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Papahanaumokuakea Marine National Monument
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Mission Blog: August 19, 2009
Pearl and Hermes Atoll

By Yannis Papastamatiou, PhD, Scientist, Diver

Archaeologist Kekuewa Kikiloi taking field notes at a small valley on Nihoa.

New species of deepwater butterfly fish caught at 200ft off Pearl and Hermes Atoll by Rich Pyle. (Photo:Yannis Papastamatiou/NOAA) Click on the thumbnail for a larger image.

We arrived early in the morning at Pearl and Hermes atoll. Pearl and Hermes has always been my favorite atoll of the island chain, mainly because it has the highest density of apex predators (sharks and jacks). Today I am in the morning technical dive team which consists of Ray and I. Using the multi beam sonar on the Hi'ialakai; we had found what looked like a good ledge off the SW tip of the atoll. Unlike the previous days at Necker and Nihoa, we have lucked out with the weather-the water is pretty much flat.

We roll over the side and start our descent to the top of the ledge. On the way down I look up and see about 60 giant trevally (Caranx ignobilis, Hawaiian name Ulua) heading towards us. We reach the top of the ledge at about 160ft and drop down to the bottom of the canyon at around 210ft. A lone Galapagos shark swims down with us, followed by the marauding gang of ulua. Ray starts his transect to get an idea of which fish are down there, and that takes us a little deeper to about 220ft. There are masses of black coral growing down here, and I take some samples for Dan Wagner who is doing his PhD on the reproductive ecology and taxonomy of black corals.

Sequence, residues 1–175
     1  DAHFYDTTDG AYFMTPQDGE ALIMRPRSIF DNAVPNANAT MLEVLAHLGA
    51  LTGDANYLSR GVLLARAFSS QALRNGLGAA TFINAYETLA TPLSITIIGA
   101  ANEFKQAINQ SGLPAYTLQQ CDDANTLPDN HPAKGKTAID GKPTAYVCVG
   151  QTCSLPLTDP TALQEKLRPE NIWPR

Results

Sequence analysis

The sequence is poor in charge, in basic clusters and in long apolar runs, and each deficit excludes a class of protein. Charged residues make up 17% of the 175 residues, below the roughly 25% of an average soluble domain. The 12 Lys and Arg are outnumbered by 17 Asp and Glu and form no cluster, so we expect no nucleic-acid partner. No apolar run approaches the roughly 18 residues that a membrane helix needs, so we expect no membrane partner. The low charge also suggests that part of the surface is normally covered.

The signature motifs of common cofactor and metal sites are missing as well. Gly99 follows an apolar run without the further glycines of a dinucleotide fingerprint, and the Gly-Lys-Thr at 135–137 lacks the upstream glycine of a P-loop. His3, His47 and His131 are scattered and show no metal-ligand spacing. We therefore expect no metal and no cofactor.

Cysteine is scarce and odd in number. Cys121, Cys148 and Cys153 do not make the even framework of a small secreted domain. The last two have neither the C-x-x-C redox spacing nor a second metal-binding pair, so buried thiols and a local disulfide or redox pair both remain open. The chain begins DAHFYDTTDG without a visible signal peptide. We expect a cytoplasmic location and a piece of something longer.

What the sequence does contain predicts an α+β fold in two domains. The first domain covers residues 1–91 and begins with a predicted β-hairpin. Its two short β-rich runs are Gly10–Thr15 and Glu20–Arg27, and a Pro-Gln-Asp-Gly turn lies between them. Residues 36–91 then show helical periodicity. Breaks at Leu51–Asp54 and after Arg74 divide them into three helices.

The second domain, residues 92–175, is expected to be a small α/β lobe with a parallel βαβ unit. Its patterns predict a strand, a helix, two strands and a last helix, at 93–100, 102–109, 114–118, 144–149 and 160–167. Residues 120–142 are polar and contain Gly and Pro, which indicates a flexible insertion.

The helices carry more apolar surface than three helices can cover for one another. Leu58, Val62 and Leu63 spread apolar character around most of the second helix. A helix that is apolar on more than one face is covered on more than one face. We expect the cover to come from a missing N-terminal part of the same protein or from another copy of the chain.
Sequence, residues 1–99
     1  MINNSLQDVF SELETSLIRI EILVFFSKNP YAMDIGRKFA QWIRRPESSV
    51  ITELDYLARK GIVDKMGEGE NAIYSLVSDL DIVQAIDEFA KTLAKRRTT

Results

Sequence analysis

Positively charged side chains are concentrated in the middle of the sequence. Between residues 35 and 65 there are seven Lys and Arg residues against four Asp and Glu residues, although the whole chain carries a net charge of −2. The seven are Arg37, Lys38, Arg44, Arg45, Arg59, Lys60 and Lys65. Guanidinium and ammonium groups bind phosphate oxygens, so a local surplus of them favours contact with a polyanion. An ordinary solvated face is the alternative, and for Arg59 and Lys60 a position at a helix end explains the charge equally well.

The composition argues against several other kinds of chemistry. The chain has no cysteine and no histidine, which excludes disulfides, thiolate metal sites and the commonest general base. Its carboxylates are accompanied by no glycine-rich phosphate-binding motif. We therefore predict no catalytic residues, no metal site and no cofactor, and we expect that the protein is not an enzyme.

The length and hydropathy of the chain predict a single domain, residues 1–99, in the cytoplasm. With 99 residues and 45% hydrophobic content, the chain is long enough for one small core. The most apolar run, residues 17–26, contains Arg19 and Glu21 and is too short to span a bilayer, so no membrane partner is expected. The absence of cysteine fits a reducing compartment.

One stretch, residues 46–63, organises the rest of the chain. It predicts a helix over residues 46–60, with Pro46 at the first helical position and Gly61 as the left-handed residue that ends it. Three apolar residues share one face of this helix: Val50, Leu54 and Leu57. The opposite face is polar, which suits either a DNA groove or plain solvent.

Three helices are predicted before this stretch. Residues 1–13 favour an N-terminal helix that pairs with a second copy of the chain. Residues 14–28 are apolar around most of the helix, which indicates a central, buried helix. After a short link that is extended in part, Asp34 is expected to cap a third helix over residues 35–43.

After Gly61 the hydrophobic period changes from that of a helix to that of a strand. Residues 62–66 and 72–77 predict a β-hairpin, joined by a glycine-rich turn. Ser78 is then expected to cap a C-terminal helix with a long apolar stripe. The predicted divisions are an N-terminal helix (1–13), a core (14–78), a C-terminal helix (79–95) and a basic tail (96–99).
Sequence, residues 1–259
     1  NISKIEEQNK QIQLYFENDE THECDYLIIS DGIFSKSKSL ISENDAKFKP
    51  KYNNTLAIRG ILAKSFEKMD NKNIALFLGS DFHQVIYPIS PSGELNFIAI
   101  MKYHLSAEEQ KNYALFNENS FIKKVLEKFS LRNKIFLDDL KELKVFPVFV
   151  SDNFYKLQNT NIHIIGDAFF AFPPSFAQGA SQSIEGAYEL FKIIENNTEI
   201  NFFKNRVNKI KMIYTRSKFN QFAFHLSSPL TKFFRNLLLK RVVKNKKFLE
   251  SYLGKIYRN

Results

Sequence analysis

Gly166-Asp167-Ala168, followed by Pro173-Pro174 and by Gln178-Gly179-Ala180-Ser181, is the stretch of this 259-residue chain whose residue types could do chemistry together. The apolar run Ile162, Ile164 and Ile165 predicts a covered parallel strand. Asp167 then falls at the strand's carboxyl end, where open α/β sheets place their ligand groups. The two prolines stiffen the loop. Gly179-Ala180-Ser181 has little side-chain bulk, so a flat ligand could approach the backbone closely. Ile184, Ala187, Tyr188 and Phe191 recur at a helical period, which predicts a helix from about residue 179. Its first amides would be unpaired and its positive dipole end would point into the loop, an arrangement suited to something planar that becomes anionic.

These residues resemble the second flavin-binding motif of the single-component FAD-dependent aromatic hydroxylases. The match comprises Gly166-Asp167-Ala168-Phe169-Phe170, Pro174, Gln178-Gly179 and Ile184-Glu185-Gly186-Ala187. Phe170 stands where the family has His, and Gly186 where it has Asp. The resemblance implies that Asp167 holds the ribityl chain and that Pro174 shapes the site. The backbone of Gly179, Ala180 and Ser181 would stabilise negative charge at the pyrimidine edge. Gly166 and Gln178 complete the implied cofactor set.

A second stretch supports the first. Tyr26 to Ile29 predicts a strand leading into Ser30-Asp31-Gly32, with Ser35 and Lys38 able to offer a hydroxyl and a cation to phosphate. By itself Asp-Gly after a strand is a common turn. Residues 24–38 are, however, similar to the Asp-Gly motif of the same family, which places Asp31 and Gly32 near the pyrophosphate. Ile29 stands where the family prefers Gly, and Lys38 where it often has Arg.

We head back up the ledge and swim at 200ft for about 10 min. Along the way we run into a Hawaiian grouper (Epinephelus quernus). These grouper are found in the main Hawaiian Islands below 300ft, but at Midway and Kure they are found in water as shallow as 30ft. However, this is the first time I have seen one at Pearl and Hermes. After 20min on the bottom, we now have 60 minutes of required decompression, so we start the long ascent up. We are soon joined by our expert safety team, who will keep an eye on us during the ascent to make sure everything is going well. The ulua stay with us for the whole decompression, keeping things interesting.

Archaeologist Kekuewa Kikiloi taking field notes at a small valley on Nihoa.

Ray Boland decompressing while surrounded by Ulua at Pearl and Hermes atoll.
(Photo:Yannis Papastamatiou/NOAA)

The afternoon dive team consists of Rich, Randy, and Greg. They dive on a different ledge, at about 210ft, and come up looking pretty ecstatic. Rich has 3 specimens of a previously un-described species of deepwater butterfly fish. He has seen these fish before in much deeper water off Oahu (400ft). Based on these fish observation, it's starting to appear that the deepwater fish community is moving shallower as we move up the island chain. At Pearl and Hermes and Laysan, we find fish at 200ft, which can only be found at 400ft in the main Hawaiian Islands. We know that some fish found at 300ft off of Oahu can be found in 30ft of water off of Midway and Kure. The obvious question is: what will we find at 200ft off of Kure and Midway?? We hit Kure tomorrow.


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